it!] We should read weal. used to force the possessed to swalShe is now rambling on the bal- ' low down when they exorcised lad of the steward and his lord's them. Now these exorcisms being daughter. And in these words performed generally on a Sunday, speaks of the state he assumed. in the church before the whole

WARBURTON. congregation, is the reason why I do not see why weal is better he says, we call it herb of grace than wheel. The story alluded' o' Sundays. Sandys tells us that to I do not know ; but perhaps at Grand Cairo there is a species the lady stolen by the steward of rue much in request," with was reduced to Spin.

which the inhabitants perfume 7 There's rosemary, that's for themselves, not only as a prerimembrance; ant there's pansies, servative against infeájon, but as that's for thoughts.] There is pro- very powerful againf evil spirits. bably fome mythology in the And the cabalistic Gaffarel prechoice of these herbs, but I can tends to have discovered the reanot explain it. Panfies is for son of its virtue, La femence de thou his, because of its name, Ruë eft fuiae comme une Croix, & Penfees; but why rosemary indie s'eft paraventure la cause qu'elle a cates remembrance, except that tant de verlu contre les possédez, & it is an ever-green, and carried que l'Eglife s'en sert en les exorat funerals, I have not discovered. cisant. It was on the same prin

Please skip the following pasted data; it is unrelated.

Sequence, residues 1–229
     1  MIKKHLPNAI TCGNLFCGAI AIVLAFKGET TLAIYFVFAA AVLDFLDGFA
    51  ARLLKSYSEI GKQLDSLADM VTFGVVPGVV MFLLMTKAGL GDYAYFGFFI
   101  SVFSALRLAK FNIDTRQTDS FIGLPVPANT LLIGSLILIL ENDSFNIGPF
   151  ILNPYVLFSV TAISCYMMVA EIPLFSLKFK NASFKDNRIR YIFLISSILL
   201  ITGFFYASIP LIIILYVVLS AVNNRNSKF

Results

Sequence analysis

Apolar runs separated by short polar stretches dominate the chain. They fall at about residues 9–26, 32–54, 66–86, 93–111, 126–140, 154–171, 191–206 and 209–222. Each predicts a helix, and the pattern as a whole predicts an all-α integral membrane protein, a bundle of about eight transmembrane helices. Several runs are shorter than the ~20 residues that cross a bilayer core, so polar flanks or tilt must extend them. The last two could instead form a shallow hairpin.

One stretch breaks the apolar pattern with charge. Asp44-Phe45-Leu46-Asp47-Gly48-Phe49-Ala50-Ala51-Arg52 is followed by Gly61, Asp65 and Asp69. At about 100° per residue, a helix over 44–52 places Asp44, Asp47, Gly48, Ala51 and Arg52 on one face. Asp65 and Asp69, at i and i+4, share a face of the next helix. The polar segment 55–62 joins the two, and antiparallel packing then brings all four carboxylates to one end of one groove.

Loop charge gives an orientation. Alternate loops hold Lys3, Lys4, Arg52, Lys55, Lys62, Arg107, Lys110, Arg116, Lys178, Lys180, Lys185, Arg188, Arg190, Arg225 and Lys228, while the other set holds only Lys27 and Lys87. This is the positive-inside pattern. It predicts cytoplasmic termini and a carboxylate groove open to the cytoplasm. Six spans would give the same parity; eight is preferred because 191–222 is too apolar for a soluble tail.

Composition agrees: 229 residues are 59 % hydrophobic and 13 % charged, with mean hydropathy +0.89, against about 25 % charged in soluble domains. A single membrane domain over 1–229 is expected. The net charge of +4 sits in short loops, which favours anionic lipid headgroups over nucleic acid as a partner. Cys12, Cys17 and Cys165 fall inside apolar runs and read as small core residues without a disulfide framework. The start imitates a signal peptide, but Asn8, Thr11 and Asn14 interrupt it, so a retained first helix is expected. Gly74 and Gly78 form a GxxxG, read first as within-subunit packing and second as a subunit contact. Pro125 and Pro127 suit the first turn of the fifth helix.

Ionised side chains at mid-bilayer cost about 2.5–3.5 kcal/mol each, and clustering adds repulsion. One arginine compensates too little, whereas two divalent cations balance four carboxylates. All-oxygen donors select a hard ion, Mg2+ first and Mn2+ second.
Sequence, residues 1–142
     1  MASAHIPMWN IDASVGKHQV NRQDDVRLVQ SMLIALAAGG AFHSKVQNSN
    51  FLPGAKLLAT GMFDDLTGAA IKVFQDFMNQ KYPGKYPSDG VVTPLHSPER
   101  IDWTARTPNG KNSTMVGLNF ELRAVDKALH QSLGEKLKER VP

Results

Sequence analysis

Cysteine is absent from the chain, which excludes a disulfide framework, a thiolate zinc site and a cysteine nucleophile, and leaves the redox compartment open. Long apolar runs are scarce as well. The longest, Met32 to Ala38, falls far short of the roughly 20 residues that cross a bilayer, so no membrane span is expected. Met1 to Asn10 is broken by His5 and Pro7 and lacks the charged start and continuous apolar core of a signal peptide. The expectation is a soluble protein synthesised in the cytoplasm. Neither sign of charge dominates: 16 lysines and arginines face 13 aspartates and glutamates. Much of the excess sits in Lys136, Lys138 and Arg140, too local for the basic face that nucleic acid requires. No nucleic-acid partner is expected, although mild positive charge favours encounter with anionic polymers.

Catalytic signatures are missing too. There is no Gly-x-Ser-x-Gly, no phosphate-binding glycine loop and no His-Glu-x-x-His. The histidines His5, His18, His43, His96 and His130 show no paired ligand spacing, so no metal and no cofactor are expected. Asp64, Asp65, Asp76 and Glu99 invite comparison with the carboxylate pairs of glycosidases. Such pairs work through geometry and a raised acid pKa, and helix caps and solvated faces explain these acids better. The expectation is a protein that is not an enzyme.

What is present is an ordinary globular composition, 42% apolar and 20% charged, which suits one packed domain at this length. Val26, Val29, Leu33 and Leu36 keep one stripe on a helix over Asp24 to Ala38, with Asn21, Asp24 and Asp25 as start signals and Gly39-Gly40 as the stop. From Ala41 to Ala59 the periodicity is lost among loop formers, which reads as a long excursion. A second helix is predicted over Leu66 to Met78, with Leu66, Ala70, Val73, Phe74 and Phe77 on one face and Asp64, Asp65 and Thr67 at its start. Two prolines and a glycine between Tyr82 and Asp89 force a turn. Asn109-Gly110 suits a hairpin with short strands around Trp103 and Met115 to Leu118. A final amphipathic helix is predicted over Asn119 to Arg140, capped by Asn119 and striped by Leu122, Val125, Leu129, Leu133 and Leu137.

8 There's rue for you, and here's ciple that the Greeks called fulo fone for me. We

may call it herb phur, Ozily, because of its use in of grace o' Sundays :) Herb of their fuperftitious purgations by grace is the name the country fire. Which too the Romih priests people give to Rue. And the employ to fumigate in their reason i, because that herb was exorcisms; and on that account a principal ingredient in the po- hallow or consecrate it. WARB.